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A dinosaur-killing asteroid may have wiped out much of life on Earth 65 million years ago, but now scientists have discovered how smaller organisms might have survived in the darkness following such a catastrophic impact.
Survival may have depended upon jack-of-all-trades organisms called mixotrophs that can consume organic matter in the absence of sunlight. That would have proved crucial during the long months of dust and debris blotting out the sun, when plenty of dead or dying organic matter filled the Earth's oceans and lakes.
"Mixotrophs are very good at stabilizing situations by using whatever resources are there, and can often provide what resources there aren't," said Harriet Jones, a biologist at the University of East Anglia in the UK. "They're very good at coping in extreme environments, and enabling other organisms to live."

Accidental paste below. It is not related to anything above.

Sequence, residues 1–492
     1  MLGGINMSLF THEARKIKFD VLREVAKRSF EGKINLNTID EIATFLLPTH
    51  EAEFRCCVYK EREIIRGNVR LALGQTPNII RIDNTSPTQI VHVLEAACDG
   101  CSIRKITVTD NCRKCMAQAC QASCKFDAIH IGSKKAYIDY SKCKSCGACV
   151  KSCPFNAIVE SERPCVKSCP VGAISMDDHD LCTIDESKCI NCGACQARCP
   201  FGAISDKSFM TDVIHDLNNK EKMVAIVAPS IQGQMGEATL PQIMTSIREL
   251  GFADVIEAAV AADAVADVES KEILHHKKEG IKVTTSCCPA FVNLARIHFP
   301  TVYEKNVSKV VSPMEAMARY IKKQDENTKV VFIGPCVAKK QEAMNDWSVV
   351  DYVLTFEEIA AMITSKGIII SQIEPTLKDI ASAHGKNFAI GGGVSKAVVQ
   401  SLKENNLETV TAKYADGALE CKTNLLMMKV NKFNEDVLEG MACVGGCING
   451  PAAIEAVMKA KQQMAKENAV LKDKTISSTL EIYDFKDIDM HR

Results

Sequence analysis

Jones and her colleagues tested the limits of mixotrophs by subjecting them to six months of low light or complete darkness. The mixotrophs not only thrived, but also surprised researchers by helping sunlight-dependent organisms also survive pitch black conditions.
Life in the Dark: How Organisms Survived Asteroid Impacts
10 September 2009
Link: Space.com article
Link: Wikipedia - Mixotroph
This area will cover relevant news of the threat to the planet from Near Earth Objects (NEOs) including concepts and designs for mitigation. All opinions are those of the author.
11 September 2009
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